Phenomenology Research Group
The journal, which had its first publication in April 2001, was an initiative of the Phenomenology Research Group (PRG) based at Edith Cowan University, South West Campus, in Western Australia and Rhodes University in South Africa, where there had been a long-established phenomenological tradition, spanning over three decades, from the early 1970s, introduced by Dreyer Kruger, through to the early 2000s.
The PRG is a circle of postgraduate scholars who have a range of scholarly research interests which cross a broad spectrum of areas including education, health, religion, philosophy, business, tourism, counselling and psychology amongst many others. The unifying force which holds these diverse research interests together is a commitment to phenomenology as a theoretical approach and research methodology.
Arising out of this collaborative phenomenological programme was the germination of the idea to facilitate world-wide dissemination of broadly-based phenomenological research through the vehicle of a scholarly journal.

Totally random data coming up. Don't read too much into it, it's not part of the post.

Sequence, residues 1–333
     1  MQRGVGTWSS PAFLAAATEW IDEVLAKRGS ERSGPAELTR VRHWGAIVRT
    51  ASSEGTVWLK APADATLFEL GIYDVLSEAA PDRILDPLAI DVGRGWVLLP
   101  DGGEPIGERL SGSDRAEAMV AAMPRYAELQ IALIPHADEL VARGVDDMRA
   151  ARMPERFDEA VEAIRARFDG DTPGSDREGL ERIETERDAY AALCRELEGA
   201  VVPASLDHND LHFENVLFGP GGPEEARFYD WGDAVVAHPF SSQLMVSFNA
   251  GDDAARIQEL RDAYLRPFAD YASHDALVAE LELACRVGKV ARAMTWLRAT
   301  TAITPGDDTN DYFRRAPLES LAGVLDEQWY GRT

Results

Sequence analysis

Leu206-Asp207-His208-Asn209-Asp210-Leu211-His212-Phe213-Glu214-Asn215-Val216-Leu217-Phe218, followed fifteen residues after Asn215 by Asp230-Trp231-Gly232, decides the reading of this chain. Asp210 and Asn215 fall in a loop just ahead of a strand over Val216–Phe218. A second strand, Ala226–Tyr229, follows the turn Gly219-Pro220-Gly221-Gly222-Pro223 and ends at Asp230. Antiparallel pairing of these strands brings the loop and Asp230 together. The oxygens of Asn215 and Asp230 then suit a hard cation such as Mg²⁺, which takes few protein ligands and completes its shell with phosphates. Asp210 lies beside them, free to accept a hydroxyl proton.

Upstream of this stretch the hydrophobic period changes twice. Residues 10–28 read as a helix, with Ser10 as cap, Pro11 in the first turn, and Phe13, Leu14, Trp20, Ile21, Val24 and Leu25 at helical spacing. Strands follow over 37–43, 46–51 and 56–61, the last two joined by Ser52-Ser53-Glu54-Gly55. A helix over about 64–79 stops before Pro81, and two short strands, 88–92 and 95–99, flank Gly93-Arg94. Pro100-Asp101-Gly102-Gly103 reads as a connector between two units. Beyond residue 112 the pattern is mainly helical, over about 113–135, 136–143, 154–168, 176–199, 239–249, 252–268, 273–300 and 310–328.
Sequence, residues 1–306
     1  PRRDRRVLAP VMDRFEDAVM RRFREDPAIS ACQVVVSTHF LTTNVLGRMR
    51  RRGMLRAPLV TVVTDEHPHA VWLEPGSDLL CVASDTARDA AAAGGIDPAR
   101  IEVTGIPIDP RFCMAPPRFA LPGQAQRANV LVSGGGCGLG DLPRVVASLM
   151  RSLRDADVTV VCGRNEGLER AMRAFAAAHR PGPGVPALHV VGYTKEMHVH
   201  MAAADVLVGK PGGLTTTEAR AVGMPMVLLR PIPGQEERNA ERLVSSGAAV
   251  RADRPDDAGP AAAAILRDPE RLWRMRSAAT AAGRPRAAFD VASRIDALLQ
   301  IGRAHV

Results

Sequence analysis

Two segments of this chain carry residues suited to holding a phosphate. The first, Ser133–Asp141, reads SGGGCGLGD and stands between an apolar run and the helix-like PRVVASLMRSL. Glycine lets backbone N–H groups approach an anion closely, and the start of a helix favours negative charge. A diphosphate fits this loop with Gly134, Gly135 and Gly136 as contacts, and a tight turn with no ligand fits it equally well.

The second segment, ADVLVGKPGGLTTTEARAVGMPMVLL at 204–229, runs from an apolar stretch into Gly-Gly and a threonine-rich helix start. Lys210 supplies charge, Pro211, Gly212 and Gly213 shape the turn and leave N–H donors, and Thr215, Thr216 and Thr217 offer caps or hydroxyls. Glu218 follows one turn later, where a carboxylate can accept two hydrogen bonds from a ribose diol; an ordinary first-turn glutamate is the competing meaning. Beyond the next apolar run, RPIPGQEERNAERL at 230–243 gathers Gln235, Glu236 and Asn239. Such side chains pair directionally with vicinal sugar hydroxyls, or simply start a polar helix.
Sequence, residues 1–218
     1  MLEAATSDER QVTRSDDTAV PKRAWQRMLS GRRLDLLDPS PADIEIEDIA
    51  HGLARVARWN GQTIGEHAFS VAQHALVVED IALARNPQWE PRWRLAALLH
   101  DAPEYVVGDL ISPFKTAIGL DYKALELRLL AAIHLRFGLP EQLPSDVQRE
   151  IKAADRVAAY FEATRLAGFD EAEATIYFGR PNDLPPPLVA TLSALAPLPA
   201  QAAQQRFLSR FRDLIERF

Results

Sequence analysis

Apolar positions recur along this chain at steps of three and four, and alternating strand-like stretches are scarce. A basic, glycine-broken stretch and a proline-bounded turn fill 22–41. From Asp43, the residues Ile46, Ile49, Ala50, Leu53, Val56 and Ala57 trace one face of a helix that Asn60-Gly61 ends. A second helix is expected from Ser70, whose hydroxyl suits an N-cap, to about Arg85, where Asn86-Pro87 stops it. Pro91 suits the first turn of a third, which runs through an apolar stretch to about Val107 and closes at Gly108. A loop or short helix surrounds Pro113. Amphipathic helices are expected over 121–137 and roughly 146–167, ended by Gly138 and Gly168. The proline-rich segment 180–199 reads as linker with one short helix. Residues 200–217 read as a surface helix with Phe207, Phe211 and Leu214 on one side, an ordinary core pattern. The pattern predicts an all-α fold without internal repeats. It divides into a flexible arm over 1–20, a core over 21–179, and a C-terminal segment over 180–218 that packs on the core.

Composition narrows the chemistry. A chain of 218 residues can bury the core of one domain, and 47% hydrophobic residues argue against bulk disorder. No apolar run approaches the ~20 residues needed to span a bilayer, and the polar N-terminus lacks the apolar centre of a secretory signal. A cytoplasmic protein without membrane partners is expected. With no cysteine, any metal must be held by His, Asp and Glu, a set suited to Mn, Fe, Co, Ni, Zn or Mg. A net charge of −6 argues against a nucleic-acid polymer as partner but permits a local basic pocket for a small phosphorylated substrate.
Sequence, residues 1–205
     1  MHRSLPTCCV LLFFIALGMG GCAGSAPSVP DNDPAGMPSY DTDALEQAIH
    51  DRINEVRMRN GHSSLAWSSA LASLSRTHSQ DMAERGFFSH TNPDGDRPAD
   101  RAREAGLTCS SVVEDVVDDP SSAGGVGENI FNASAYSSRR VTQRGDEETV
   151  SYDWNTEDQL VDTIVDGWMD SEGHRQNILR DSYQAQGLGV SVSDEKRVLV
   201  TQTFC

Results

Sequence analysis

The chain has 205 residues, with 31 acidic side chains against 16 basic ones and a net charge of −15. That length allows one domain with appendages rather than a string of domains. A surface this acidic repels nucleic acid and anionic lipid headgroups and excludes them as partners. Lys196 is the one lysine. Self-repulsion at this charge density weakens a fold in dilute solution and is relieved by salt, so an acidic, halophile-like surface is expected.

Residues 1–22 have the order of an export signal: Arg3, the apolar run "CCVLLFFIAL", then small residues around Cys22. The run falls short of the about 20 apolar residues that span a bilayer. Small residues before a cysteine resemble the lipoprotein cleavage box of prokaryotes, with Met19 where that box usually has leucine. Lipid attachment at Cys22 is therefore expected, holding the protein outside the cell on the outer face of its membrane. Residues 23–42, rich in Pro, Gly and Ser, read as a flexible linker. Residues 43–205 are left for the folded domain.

Given the technological advances (ease and reliability) at that time in the realm of virtual connectivity, the decision was taken to pursue an ‘online’ route rather than striving to establish a hard copy / print journal with the many associated costs and logistics around content delivery. In this regard, the IPJP was amongst the first - international let alone local (Australia / South Africa, hence the derivation of its name, Indo-Pacific) - online scholarly journals.
From the outset, a ‘freely-downloadable’ approach was adopted although at that time there was no clear Open Access policy.
The journal's vision was further developed by Professor Robert Schweitzer from Queensland University of Technology and Dr Trish Sherwood of Edith Cowan University, with Professor Christopher Stones (then Head of Psychology at Rhodes University and who later joined the faculty at the University of Johannesburg in 2008) becoming involved shortly thereafter.
The IPJP was subsequently born in 2001, with Professor Schweitzer being its first Editor-in-Chief and Dr Stuart Devenish becoming its Executive Secretary.
Professor Stones assumed the role of Editor-in-Chief in 2003.